Batsman Unmukt Chand, who burst into the limelight after leading India to an under-19 World Cup win in 2012, and was anointed as the next superstar, has had a roller-coaster career in India that prevented him from making the senior India team which, due to his talent, he was expected to.
To fulfil his dream of playing senior international cricket and also play T20 leagues around the world, the 28-year-old quit BCCI cricket and has since switched to the United States of America where he has already started playing Minor League Cricket (MiLC).
The MLC is a stepping stone to Major League Cricket (MLC), which begins in 2023, and the USA national team for which he will be eligible in the next three years. Chand spoke to IANS about his career in India and plans for the future…
Q: How do you look back at your career in India?
A: I have had a very good journey in India. Playing through the ranks and coming up from under-15, under-17, under-19 days to the Ranji Trophy, Indian Premier League, India A, under-19 World Cup. I mean it has been a great journey. I loved it. When I started playing cricket, I never imagined that the journey would unfold the way it did.
Very lucky to have lived glorious moments along with down moments which are actually part of a career for any cricketer. Lucky to be living this life which I had never dreamt of. I am very happy to have spent so much time in India, where I was till three months back. I just don't know anything else apart from playing cricket. Very lucky and grateful to win laurels for myself and for the teams I played in India and make a small mark in Indian cricket. I am now looking at things in the USA.
Q: When you returned from the 2012 World Cup, did you'expect you'd get to play for India soon?
A: Well. Obviously, it is a dream for anyone to play for the country. Any under-19 cricketer would want to play for the country. That is the aim and goal. It has been very tricky [for me]. I was very close to it so many times. And somehow 't just didn't happen. There were lots of permutations and combinations also going on, you know.
There were lot of things going on. Luck plays a great role in cricket. We all know that. You expect to play for the country. You work for it. But things go the way they are destined to and not the way we plan them. I am at peace with how my journey has been. Definitely lots of learning. Cricket has made me the person I am today. It would not have been possible had the journey been any different. 'hat was God's plan. So obviously, I have no regrets.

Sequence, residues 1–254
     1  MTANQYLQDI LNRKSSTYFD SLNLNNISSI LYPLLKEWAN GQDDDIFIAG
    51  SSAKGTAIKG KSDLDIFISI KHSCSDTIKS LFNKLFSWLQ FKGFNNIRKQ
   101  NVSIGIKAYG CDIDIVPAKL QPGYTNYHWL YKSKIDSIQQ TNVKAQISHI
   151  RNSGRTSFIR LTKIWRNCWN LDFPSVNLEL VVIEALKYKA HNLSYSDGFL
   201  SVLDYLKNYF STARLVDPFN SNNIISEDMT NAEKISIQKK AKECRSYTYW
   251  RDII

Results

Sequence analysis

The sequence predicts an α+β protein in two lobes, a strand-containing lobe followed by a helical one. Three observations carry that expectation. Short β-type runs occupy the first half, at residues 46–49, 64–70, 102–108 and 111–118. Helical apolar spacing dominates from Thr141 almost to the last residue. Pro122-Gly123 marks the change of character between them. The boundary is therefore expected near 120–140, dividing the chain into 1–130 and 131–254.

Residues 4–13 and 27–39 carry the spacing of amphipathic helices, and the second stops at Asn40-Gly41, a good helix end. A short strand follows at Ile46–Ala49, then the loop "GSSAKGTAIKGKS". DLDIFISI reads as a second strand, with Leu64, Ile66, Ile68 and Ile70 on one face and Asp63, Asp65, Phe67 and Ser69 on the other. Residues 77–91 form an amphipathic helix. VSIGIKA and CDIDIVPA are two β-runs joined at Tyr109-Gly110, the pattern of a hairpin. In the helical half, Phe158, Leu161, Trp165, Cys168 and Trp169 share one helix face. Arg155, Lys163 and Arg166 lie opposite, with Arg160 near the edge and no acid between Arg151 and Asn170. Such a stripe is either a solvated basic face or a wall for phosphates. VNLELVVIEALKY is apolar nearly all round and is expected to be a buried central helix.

Q: Do you think a little opportunity with Indian seniors could have made a difference?
A: When you look back at the journey, you definitely feel that if you were on a tour or if you had rubbed shoulders with senior men, then things would have been differe't. But you don't want to be time and again thinking if this would have happened or that would have happened. It is better to live in reality. We can all think about so many things. At the end of'the day, I don't want to go there.
Q: Do you think that games at Roshanara Club grounds (which had grassy, seam-friendly pitch and conditions) so early in'your career didn't let you develop confidence in free stroke-play?
A: Well, it could be. Because playing at the Roshanara for the first couple of years, matches were finishing in 2-3 days. The focus was always to win games [and dismiss opposition on seam-friendly pitches to get full points]. Obviously, the batsmen d'd suffer. It wasn't that easy to score runs. If you look at the Delhi first-class seasons over the last few years, except the one when Rishabh scored a thousand runs (972), which were mostly in neutral venues, batsmen struggled to score 500-600 runs in the entire season.